ABC Cheerfully Highlights How 'Statesman' John Roberts 'Saved' Obamacare

Good Morning America's Terry Moran on Friday highlighted how Chief Justice John Roberts "saved" Obamacare, featuring voices that lauded the "statesman" and only one clip of Mitt Romney condemning the ruling. In comparison, CBS showcased an interview with Republican Congressman Eric Cantor.

Instead of allowing much conservative opposition, Moran delicately spun, "Roberts's opinion reframed the law to make it constitutional...And that's how Roberts saved it." He included a clip of Dahlia Lithwick of the liberal Slate website. She hyped, "I think [Roberts] made everybody a little bit angry and made many people very happy and looked like a statesman."

Former Democratic operative turned GMA anchor George Stephanopoulos chose to focus on gossipy details of how the President found out about the decision: "And, Jake [Tapper], take us behind the scenes in the Oval Office yesterday The president came out of the office to watch the decision. For a few minutes there, he actually thought he lost."

In comparison, the hosts at CBS This Morning, in addition to interviewing Cantor, played a clip of Rush Limbaugh attacking: "What we now have is the biggest tax increase in the history of the world. Obama lied to us about that." Reporter Jan Crawford also included Sarah Palin insisting, "This is about a trillion dollars more tax put on the American people."
 
Crawford herself reminded, "When Congress was debating the law, Democrats and the President insisted it wasn't a tax increase."

Jake Tapper, on GMA, pointed this out to Stephanopoulos. But the show didn't feature any clips of the President, despite the fact that it was an ABC interview.

Over on Today, NBC also provided more balance, allowing clips of Romney, Republican John Boehner and a Texas Attorney General who opposed the law

A transcript of the June 29 Moran segment on GMA can be found below:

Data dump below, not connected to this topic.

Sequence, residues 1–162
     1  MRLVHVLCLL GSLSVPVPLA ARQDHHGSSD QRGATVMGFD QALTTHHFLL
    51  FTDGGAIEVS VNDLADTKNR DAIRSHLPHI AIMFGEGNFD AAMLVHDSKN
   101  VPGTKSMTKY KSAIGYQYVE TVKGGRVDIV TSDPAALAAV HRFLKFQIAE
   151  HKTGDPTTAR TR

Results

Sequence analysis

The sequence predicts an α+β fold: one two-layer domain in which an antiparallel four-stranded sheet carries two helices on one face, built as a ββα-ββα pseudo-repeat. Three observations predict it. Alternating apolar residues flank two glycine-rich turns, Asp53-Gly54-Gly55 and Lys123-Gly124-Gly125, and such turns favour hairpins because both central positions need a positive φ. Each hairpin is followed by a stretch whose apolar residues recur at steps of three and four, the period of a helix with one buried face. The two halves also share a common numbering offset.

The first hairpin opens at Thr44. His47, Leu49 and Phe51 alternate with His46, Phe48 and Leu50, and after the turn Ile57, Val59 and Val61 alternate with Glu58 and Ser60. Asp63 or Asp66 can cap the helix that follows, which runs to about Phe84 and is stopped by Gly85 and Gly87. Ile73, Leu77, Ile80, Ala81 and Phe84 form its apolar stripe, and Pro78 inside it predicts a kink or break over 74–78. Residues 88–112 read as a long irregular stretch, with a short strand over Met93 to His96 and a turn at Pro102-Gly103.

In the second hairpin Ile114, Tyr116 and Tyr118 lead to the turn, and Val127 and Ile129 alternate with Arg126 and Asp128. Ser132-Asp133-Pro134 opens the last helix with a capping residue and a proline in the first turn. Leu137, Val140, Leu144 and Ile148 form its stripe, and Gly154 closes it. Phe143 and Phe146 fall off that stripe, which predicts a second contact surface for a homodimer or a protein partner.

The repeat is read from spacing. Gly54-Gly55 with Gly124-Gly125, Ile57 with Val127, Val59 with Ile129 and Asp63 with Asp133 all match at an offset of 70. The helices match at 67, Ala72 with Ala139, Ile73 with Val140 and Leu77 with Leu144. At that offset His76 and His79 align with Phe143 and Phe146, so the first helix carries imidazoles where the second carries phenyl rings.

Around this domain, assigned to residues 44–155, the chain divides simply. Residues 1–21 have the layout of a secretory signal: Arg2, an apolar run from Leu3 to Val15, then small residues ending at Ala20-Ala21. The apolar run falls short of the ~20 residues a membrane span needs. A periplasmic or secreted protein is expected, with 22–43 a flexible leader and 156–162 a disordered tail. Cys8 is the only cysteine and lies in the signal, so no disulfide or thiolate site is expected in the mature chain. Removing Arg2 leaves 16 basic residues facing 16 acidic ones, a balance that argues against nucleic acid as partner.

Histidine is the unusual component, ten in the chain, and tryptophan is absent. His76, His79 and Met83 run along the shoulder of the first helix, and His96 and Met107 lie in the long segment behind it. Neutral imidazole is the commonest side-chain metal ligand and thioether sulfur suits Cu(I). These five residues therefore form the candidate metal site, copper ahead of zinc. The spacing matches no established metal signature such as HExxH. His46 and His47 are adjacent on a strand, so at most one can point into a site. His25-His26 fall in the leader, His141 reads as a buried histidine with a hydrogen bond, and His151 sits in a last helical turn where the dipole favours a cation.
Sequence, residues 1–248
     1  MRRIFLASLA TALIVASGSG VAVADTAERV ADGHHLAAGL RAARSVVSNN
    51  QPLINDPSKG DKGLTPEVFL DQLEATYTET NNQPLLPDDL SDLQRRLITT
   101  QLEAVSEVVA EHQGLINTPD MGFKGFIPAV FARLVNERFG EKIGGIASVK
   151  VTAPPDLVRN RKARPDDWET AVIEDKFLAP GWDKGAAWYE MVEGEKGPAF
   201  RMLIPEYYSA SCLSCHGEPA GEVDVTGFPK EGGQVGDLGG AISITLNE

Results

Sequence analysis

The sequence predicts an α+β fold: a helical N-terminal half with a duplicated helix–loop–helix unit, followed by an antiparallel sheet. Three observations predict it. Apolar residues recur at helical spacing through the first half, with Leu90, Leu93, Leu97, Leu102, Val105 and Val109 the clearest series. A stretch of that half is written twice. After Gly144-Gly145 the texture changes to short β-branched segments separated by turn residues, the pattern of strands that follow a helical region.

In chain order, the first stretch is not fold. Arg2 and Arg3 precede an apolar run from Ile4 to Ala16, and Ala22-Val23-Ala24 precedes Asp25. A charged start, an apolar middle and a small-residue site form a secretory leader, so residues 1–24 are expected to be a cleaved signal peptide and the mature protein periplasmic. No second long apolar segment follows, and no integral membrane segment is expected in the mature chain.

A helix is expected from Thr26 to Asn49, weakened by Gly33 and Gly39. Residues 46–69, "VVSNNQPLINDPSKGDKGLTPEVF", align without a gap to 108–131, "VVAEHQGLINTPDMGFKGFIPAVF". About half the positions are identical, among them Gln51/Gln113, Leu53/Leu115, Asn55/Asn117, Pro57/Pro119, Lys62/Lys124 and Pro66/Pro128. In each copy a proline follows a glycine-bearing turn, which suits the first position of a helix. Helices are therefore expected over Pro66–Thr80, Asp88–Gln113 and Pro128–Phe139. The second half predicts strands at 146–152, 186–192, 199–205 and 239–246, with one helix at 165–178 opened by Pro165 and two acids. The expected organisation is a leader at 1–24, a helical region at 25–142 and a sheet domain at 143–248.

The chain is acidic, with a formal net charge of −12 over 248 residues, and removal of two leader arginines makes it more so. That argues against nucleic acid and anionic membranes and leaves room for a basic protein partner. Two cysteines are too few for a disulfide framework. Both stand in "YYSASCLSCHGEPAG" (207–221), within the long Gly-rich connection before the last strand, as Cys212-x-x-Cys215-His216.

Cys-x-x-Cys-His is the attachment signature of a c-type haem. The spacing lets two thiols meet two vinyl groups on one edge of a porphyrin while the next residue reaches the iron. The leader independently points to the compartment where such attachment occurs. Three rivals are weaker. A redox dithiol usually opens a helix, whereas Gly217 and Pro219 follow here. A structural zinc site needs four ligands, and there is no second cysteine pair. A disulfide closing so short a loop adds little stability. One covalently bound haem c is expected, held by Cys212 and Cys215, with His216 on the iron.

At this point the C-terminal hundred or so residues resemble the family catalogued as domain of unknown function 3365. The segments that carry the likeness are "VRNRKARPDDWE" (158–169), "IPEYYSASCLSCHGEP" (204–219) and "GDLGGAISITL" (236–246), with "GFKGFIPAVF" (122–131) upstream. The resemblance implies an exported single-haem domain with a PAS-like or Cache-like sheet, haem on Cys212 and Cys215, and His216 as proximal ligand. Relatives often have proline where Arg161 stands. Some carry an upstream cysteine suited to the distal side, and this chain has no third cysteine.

7:06

GEORGE STEPHANOPOULOS: Now to that history-making day at the Supreme Court. It gave the President a huge victory yesterday, a surprise ruling led by Chief Justice John Roberts that Obama's health care law is constitutional. The decision could define the legacy of both men and is one that will certainly effect all of us. ABC's Terry Moran covers it all for the Supreme Court. Good morning, Terry.

TERRY MORAN: Good morning, George. Well, today, this magnificent building belongs to the tourists. The justices have scattered for their summer plans. Chief Justice Roberts is at a resort in Pennsylvania. Some of the others heading overseas. But what they did yesterday, this historic opinion, as you said, the aftershocks from that have just begun. This morning, the entire country is still reckoning with the fallout from this moment. When the ruling came down, no one expected that it would be Chief Justice John Roberts who would cast the deciding vote and write the opinion upholding the President's health care law. Roberts' opinion reframed the law to make it constitutional, ruling that while Congress can't simply require Americans to purchase health insurance, it can tax Americans more if they don't purchase it. And that's what the law does. And that's how Roberts saved it, even while suggesting he didn't like it. "It's not our job to protect the people from the consequences of their political choices," he wrote.

DAHLIA LITHWICK (Slate) : I think he made everybody a little bit angry and made many people very happy. And looked like a statesman.

MORAN: President Obama declared victory.

BARACK OBAMA: Good afternoon.

MORAN: And took up the task of convincing skeptical Americans that his law will work for them.

OBAMA: Well, it should be pretty clear by now that I didn't do this because it was good politics. I did it because I believed it was good for the American people.

MORAN: Mitt Romney came right back at him.

MITT ROMNEY: Obamacare was bad policy yesterday. It's bad policy today. Obama care was bad law yesterday. It's bad law today.

MORAN: So, what does it all mean? If the law's not repealed by Republicans, some of the big provisions go into effect beginning in 2014. Every American will be required to have health insurance or pay that tax. Insurers will be prohibited from denying coverage because a person has a pre-existing condition. And there will be no annual limits on coverage.

Scott Whitlock
Scott Whitlock
Scott Whitlock is the senior news analyst for the Media Research Center and a contributing editor for NewsBusters.org